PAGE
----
Okay, bear with me here. I just came across this article in the Guardian on line – I didn’t search for it, it was one of those daily headlines you can have pop up in your browser from different papers each day.
Apparently a guy, aged 35, and another woman, got in touch on the internet on a forum that allows people to appeal for ‘suicide partners’, like some sort of macabre dating ad I suppose??
In any case, they met up two weeks later and followed through with their plans. In this article it’s the father of the man involved who is saying these websites should be banned. An understandable point of view for someone suffering a recent loss of a loved one, especially as he says his son hadn’t shown signs of depression or other issues.
I’m just a bit shocked, really. I thought I was reasonably conversant with mental health on the internet, but I haven’t heard of this one before. Putting aside the ethics of such a website, why would people want a suicide partner? I mean, I can see why a tiny minority of suicidal people might prefer not to die alone. I can see why they might think doing it with another person could reduce the chance of something going wrong. Well, sort of. But even so, there’s a leap between thinking it’d be nicer to die with someone else, to actually seeking out a website like that and fixing it up with a stranger. Am I missing something? This is odd, right?
Moving away from my reaction, though, what about the other issues raised? Let’s take the legal side first – it’s much less thorny than the ethical debate. The article states,
Helping others kill themselves is illegal under British law. Following growing concern about misuse of the internet to promote suicide methods, it is now an offence to undertake an act “capable of encouraging or assisting the suicide or attempted suicide of another person with the intention to so encourage or assist”.
The person committing the offence does not need to know the other person.
So, the law is pretty clear, then. I’m going to assume the offence only relates to actually aiding a person physically. I mean they would have to meet up with the person (as these two did), procure something for the person and/or be present at the attempt, to break the law. If I’m wrong let me know, but from that paragraph quoted, I can’t see how merely posting on such a website would fall under the category of an “act”.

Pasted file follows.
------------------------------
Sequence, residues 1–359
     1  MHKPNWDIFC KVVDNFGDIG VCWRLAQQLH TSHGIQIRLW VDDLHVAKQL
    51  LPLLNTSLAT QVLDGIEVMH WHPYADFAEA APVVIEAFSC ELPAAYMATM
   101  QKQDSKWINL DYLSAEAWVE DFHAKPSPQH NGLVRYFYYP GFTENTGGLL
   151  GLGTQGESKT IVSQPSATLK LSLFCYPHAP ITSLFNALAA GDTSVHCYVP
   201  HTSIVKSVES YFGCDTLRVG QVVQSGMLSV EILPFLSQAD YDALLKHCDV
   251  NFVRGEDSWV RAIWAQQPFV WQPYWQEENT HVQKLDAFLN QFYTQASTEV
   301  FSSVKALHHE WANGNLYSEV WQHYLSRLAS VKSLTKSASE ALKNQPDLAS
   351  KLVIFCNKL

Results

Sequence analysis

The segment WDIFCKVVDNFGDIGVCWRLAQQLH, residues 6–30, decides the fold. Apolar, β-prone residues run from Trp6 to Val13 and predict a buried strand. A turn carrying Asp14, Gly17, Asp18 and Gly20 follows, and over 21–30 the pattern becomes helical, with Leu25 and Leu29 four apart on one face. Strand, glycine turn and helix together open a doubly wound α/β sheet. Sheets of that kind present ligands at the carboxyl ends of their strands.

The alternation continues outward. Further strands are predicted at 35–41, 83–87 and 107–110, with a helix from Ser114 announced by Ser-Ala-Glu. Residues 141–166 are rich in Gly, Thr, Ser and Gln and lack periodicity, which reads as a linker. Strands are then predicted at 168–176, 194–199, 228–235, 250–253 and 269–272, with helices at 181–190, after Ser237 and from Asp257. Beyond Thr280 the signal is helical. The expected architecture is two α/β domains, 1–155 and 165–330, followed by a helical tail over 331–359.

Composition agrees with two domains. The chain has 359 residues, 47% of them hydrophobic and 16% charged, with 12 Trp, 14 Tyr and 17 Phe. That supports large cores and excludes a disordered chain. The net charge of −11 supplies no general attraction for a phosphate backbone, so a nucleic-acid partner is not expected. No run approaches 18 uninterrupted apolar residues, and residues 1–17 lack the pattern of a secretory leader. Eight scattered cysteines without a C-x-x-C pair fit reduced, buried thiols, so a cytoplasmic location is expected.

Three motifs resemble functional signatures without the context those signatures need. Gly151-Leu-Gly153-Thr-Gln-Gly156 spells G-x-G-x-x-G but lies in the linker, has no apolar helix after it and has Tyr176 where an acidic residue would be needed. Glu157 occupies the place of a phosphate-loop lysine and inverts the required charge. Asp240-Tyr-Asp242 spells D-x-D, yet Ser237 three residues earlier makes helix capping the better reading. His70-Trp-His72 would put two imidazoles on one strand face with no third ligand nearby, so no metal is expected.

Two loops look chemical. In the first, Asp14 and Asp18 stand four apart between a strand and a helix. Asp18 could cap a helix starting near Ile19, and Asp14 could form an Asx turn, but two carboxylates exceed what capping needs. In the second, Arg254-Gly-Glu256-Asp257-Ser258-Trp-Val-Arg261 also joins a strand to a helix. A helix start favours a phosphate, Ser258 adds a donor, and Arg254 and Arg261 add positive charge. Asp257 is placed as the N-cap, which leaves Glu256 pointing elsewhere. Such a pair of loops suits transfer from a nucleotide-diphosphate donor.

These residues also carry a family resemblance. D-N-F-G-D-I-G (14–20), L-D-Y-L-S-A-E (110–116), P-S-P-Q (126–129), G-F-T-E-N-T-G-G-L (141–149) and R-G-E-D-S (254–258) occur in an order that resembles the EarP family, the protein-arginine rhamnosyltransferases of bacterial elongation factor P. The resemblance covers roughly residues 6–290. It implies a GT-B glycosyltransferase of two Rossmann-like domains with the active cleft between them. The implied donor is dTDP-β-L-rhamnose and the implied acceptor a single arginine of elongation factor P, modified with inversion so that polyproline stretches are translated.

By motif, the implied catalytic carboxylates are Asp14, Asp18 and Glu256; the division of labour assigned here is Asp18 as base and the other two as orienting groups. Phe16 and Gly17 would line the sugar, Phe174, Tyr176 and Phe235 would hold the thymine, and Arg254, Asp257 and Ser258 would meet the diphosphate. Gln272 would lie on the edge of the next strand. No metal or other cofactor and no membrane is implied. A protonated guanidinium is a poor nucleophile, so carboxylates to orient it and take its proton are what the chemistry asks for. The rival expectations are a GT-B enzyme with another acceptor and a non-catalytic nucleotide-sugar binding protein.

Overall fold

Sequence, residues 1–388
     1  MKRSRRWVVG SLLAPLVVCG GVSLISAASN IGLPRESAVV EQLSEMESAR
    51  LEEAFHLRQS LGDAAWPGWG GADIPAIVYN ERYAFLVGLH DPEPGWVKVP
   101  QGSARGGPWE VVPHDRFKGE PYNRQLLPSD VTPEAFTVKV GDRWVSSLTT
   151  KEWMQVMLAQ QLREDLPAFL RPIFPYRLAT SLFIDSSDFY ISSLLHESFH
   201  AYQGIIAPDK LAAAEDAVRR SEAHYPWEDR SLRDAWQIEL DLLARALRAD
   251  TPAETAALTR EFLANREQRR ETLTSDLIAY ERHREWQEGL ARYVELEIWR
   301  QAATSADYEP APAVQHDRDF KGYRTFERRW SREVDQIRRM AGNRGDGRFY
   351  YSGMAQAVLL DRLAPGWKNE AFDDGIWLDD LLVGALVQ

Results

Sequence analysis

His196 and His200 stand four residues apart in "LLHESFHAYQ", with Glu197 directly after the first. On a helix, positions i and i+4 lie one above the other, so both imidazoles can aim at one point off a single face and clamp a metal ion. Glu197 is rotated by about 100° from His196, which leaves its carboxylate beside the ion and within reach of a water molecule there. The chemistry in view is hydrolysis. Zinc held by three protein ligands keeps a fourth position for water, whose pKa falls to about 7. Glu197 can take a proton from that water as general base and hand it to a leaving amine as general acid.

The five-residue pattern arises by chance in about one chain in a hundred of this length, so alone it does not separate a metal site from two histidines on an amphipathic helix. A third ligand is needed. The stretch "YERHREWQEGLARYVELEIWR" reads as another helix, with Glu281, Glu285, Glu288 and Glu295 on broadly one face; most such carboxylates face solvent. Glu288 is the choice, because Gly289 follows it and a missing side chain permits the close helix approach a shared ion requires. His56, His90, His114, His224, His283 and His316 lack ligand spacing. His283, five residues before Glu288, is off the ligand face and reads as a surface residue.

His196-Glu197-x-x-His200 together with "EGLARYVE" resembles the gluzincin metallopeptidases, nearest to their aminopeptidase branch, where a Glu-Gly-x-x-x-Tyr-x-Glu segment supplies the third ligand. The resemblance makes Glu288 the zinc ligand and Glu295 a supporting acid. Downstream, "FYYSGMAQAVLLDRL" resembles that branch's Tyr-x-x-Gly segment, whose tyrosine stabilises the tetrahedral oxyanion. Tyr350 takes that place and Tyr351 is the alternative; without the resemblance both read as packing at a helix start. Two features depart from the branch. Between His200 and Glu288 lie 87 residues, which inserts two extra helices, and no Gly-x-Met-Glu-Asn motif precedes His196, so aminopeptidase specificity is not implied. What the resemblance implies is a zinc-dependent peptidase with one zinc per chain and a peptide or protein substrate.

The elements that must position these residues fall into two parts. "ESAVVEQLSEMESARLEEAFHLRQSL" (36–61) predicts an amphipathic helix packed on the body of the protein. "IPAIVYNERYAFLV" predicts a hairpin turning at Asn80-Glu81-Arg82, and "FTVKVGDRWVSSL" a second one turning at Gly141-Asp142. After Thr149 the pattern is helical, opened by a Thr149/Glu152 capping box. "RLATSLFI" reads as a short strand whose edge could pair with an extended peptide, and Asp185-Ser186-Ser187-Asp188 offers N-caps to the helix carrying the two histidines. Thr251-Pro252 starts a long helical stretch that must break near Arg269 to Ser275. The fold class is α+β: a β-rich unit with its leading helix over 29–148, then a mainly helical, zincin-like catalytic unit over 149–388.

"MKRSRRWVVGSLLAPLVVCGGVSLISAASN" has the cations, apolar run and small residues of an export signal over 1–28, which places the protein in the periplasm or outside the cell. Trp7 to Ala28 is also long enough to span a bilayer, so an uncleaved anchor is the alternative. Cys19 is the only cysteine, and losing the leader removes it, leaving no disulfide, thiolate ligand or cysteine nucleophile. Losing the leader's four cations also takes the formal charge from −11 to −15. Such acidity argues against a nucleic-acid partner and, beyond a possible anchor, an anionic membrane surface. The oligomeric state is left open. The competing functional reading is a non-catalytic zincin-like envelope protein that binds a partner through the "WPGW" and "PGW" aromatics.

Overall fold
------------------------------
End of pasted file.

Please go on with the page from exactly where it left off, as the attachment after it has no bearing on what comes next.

Apparently a website is only forced to remove illegal material, under European law, when it has been notified of the illegality of the content. But that’s another issue.
My first inclination, when I thought about whether a suicide discussion forum should be banned, was OF COURSE NOT. We have no right to stop people talking about whatever subject they wish. It would be as silly as commanding patients in a psychiatric ward never to discuss suicide (whether inside or when they leave the ward) and prohibiting them from making suicide pacts with one another. I mean, just the idea of bringing that up as a not-to-do seems absurdly self-defeating.
My gut feeling is that people will get information, if they really want it. If they go to the trouble of creating an on-line identity, finding a site which caters to their desires, then are you really telling me that they couldn’t have done that anyway? In terms of discussion of ‘what works best’ for suicide methods, if we didn’t have the internet, we’d still have libraries. A brief look in the medical/psychiatric section of the library would probably furnish a determined person with the information they require.
I’m ready to be told I’m wrong, if I am. If there are statistics showing that the internet has considerably increased successful suicides then I can understand why a call to ban them might be suggested. I don’t think the internet can be censored this way though, even if we want to. As long as responsible mental health sites exist in greater quantity than these odd offshoots then I would think splashing an article about them in a national newspaper would make the situation worse. Just my thoughts there…